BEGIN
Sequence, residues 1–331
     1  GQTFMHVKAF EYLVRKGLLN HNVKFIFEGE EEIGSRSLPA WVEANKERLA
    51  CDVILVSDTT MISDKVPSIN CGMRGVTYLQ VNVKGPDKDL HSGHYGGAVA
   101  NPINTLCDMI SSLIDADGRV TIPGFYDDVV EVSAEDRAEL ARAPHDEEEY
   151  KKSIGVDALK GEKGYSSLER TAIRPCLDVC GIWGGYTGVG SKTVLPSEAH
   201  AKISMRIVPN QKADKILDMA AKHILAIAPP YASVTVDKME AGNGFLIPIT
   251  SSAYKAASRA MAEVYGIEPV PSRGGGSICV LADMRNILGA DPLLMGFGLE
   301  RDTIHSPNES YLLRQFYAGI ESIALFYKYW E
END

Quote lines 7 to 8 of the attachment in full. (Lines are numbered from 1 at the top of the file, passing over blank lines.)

   251  SSAYKAASRA MAEVYGIEPV PSRGGGSICV LADMRNILGA DPLLMGFGLE
   301  RDTIHSPNES YLLRQFYAGI ESIALFYKYW E